The USDP gets public money from the state even if the electoral law forbids it. It's powerful and it has the tools and means to shut the mouth of those who disagree. Consider this: a cartoon by the weekly Favorite News, slightly critical of this party, passed the censors. The USDP complained. As a result Favorite News has been suspended for two weeks. It can be concluded that the censor board works for the USDP.
Because of this cartoon the magazine Favorite News has been suspended for 2 weeks. Dialogue: The candidate (a soldier): If we win life will improve for the people! The child: Really? Roadblocks for Opposition Meetings
To set up a public meeting is hard work: authorization should be requested at least one week in advance and the form should include the number of attendees. Any party publication must pass the censors and is forbidden to be critical towards the government. TV and radio broadcasting must be recorded and approved by the government controlled Electoral Commission. Election posters are expensive; most posters I have seen in Rangoon belong to the pro-government USDP party.
So the election looks a bit like the fight of David and Goliath, but here Goliath, the UNDP, is deemed to win. Except for the military that get a quarter of the seats, the parliament will be mainly filled with its members. In order to give a more civilian look to the next government, Senior Gen Than Shwe and about 20 generals have retired from the military. From the Parliament they will jump again to the highest positions in the government.
"The election, it's just a change of suits by the military," says Thu Wai, the student who will nevertheless go to the poll.
Most people do not understand the complexities of the electoral system. The government provides little information and the opposition parties have no resources for that. In Rangoon I met an underground satellite dish seller (satellite dishes are everywhere) who explains that satellite dishes are forbidden, but can be easily bought under the counter, which the government doesn't mind for the time being.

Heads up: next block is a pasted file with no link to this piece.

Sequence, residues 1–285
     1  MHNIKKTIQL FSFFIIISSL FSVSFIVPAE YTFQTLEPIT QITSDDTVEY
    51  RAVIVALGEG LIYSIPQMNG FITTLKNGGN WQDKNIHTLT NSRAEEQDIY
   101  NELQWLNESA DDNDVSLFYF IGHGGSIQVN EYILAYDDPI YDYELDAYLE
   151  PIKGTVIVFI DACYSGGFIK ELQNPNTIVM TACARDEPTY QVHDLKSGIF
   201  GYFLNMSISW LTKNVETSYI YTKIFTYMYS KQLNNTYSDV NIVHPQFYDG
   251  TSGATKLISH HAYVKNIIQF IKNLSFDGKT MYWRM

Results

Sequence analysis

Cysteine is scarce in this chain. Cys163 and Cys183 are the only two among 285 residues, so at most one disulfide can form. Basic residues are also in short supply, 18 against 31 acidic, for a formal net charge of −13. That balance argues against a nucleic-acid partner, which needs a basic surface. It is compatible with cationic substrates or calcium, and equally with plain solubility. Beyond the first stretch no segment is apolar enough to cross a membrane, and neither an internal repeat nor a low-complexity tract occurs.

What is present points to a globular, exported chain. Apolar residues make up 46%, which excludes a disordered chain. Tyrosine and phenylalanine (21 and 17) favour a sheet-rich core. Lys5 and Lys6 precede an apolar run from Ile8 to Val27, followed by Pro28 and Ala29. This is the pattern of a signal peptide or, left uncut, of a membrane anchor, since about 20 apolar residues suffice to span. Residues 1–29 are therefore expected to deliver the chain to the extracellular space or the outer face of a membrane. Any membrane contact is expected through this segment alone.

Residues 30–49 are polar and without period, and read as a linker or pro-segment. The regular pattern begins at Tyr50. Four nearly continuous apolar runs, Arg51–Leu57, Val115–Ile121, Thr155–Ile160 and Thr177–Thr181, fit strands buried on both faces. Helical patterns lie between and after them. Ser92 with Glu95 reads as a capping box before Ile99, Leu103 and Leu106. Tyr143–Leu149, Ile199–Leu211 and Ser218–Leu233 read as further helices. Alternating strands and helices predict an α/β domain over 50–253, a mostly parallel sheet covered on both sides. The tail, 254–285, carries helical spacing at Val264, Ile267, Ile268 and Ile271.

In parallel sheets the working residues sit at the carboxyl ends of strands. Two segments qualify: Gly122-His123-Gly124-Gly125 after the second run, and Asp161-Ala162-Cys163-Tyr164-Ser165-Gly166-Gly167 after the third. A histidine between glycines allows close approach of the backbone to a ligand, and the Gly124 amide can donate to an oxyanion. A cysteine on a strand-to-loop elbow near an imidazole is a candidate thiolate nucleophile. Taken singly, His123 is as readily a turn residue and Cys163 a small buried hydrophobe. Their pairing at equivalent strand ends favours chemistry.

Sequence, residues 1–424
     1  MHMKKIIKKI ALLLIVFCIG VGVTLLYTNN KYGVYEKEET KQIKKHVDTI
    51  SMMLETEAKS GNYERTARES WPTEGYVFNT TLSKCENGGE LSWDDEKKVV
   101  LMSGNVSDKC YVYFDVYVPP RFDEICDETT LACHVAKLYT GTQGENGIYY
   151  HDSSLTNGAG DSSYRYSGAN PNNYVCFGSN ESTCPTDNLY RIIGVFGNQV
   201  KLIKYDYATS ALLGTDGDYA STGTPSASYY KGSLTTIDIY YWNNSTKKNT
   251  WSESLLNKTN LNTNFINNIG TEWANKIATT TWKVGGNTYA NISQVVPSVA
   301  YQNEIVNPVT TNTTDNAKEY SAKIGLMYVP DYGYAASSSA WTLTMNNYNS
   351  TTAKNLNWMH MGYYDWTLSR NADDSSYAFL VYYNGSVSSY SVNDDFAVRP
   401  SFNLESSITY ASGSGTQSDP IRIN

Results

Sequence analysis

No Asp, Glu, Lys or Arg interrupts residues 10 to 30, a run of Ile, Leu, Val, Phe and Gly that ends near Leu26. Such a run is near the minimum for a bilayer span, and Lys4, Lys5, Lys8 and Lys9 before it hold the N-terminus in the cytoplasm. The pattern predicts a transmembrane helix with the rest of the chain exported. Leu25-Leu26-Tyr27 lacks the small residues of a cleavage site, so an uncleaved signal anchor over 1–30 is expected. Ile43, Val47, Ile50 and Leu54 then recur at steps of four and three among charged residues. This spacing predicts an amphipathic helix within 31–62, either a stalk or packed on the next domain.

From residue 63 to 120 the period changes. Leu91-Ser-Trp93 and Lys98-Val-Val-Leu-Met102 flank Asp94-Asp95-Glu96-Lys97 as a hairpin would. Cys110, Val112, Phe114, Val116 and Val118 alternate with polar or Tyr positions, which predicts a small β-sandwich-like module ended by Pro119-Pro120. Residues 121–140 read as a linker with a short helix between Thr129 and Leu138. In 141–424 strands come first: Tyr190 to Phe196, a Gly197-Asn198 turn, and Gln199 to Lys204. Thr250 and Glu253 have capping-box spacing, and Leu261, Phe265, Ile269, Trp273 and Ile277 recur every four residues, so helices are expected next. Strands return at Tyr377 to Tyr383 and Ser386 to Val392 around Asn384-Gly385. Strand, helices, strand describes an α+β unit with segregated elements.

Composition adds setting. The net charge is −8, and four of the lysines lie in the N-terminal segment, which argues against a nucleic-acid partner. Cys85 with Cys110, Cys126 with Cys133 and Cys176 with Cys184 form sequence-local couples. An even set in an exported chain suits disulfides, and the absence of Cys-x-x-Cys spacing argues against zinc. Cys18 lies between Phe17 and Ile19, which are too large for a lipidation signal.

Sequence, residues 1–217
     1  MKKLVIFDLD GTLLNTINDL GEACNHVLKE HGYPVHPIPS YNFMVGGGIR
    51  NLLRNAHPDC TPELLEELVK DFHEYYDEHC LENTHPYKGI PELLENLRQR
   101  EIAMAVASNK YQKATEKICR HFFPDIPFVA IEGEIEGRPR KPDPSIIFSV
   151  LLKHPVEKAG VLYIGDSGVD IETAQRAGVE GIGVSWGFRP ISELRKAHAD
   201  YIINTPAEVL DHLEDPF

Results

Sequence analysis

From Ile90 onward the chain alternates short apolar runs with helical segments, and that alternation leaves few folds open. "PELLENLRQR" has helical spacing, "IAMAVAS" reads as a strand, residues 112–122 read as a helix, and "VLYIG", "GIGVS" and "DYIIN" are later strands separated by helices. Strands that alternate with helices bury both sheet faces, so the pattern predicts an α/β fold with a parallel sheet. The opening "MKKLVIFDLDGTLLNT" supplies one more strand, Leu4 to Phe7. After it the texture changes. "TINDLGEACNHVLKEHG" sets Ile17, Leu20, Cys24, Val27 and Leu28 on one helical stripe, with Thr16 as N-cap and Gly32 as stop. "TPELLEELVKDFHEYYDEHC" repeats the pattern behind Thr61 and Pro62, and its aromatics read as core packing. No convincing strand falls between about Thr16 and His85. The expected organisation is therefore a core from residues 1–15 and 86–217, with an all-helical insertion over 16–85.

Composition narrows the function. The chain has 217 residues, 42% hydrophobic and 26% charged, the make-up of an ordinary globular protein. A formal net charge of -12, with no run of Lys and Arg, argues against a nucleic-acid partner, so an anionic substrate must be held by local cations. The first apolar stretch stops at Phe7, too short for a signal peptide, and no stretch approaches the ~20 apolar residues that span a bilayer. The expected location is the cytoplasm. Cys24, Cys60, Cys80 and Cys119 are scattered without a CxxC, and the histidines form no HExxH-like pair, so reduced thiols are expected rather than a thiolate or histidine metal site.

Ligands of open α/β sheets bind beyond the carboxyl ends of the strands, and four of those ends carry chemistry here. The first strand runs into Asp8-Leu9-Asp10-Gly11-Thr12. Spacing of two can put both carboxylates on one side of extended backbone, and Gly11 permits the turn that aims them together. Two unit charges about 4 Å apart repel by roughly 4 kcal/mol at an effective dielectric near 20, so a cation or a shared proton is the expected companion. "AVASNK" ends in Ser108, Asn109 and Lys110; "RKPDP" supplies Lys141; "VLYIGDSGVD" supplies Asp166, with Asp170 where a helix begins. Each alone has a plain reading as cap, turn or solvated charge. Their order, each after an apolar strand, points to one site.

What's his opinion about the election? "I'm not interested, I have no information. I will vote, but I still don't know for which party."
The general population doesn't expect much from the election. Most don't care about it and don't understand the system, which is not so easy to understand either. Mrs Da Wint lives in a village close to Rangoon. She doesn't have a TV or a radio and the newsstand is a bit far from her place, so she doesn't know much about what's going on outside her village.
"I know nothing about the election," she says. “I will follow the advice given by the officials." Her 13 years old daughter has spent just two years in school. She works as a servant for US$20 a month. If she wants to take leave she has to ask permission from her boss (he usually agrees). She doesn't seem to care about the election.
Nevertheless, just like the taxi driver who exclaimed when driving close to University Avenue where Aung San Suu Kyi is in house arrest: "A strong lady lives here", everybody speaks with huge respect of the "The Lady". She is the legitimate leader of Burma, she has not been allowed to register for the election – the junta has taken no risk.
Patrice Victor is a freelance journalist for several magazines and newspapers in Europe who specializes in Southeast Asian affairs. He went recently undercover in Burma.
* All names have been changed so as to not to expose people who talked to us.